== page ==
John Niyo, Matt Charboneau and James Hawkins recap UM's NCAA tournament highs and MSU's lows and look ahead to the Wolverines' Sweet 16 appearance. Detroit News
Los Angeles — Looking back at the film, Michigan coach John Beilein said there was no common theme that led to the offensive struggles in his team’s first two NCAA Tournament games.
There was no rhyme or reason that led to Michigan scoring 61 points against Montana and 64 points against Houston after averaging 76.9 points over the previous nine games.
Simply put, Beilein said they played the best they could and although it didn’t quite stack up to previous performances, the third-seeded Wolverines were fortunate to be playing in Thursday’s Sweet 16 matchup against No. 7 seed Texas A&M at the Staples Center.
“We could be in a real rhythm and play every three days and have a bad game,” Beilein said. “Bad games happen. I’m just telling you. I know we want to look for reasons why. They just happen.
“Ask North Carolina. They had a bad game and Texas A&M had a great game. There isn’t a reason sometimes. They’re 19-year-old kids. Stuff happens.”
Of course, Michigan was without junior center Moritz Wagner for nearly half the Houston game, but sophomore center Jon Teske’s defense helped make up for his absence.
And foul trouble marred the rest of starting lineup and hampered its ability to get into an early groove in both games. Senior guard Muhammad-Ali Abdur-Rahkman was 7-for-26 from the field and 1-for-12 on 3-pointers in the two tournament games, while sophomore guard Zavier Simpson tallied nine total points on 3-for-10 shooting after scoring in double figures in each of the previous five games.
“I mean everybody could execute better,” Beilein said. “We got to give credit where credit is due. We played two good defensive teams. That’s what Kelvin (Sampson) has hung his hat on for years at Oklahoma and Indiana and now at Houston and they’re tough to score on.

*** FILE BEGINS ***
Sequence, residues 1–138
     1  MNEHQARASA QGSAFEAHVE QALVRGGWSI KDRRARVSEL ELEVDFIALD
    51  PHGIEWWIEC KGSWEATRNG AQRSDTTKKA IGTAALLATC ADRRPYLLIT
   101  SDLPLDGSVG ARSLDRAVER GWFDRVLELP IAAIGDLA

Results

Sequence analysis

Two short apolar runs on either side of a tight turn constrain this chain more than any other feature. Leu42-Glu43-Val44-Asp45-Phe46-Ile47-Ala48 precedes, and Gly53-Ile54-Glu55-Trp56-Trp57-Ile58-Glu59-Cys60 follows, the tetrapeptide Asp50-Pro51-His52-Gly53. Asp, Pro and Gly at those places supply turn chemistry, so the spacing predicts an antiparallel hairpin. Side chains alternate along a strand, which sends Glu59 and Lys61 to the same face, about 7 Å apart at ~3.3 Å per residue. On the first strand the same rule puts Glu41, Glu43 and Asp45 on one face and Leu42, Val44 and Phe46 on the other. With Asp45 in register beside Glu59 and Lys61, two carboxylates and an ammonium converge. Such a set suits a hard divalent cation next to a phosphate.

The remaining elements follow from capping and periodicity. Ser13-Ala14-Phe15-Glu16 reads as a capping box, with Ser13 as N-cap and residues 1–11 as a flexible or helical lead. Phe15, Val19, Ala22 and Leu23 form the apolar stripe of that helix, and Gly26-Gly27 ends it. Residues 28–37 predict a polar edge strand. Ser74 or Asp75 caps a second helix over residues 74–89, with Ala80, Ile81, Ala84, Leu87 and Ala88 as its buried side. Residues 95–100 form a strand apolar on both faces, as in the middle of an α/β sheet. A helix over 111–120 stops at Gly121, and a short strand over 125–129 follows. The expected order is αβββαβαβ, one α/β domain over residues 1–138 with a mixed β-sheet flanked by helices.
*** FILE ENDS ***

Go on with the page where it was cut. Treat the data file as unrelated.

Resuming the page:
“We had a lot of open shots, more than I thought. We had one span where Duncan (Robinson) missed two open ones after he had thrown an airball and Zavier was wide open. We couldn’t have been more open and none of them were even close. There wasn’t like we got to fix this or that. We’ll make those next time.”
Heading into Thursday’s matchup, the focus this week has been on trying to get back into the flow of things in the hopes of avoiding another slow start and sluggish showing.
Before the Wolverines left for Los Angeles, Beilein said the team recorded its highest numbers in its five-minute 3-point shooting drill on Monday. The lowest number was 55 3-pointers in the five-minute span and 10 players reached 60, which is the standard.
“We got a long break, but I don’t think that’s an excuse,” Teske said of the team’s 10-day layoff before the NCAA Tournament. “We just have to play better offensively, especially trying to get out and run in transition. I think that’s when we’re at our best and if we don’t have anything, pull back out and just run our offense we know we’re capable of running.”
According to Robinson, the team must be sharper in is execution and have higher sense of urgency from the moment the ball is tipped. If not, it could result in a short stay in Los Angeles.
“I thought we were a little sloppy in our first two starts in Wichita,” Robinson said. “It’s going to happen. It’s not something you can control but if it does happen, you got to adjust and move forward.”
It’s been a long time since Texas A&M coach Billy Kennedy and Beilein have crossed paths.
Beilein coached against Kennedy in 1998, when Beilein was in his second season at Richmond and Kennedy was in his second year at Centenary. Beilein guided Richmond to an 18-point win in a preseason tournament in Little Rock, Ark.
Since that meeting, Beilein said his respect has grown over time for Kennedy, who has been battling Parkinson’s disease since being diagnosed in 2011.
“If I’m going up and I go to an AAU tournament, I usually sit by myself,” Beilein said. “If I see Billy Kennedy sitting by himself, I’ll go sit by him. I don’t do that many times. I just respect who he is.
“He’s in a tough conference at a university that expects nothing but excellence, and he is really a great coach, great human being. Everything that I know about him is authentic and genuine.”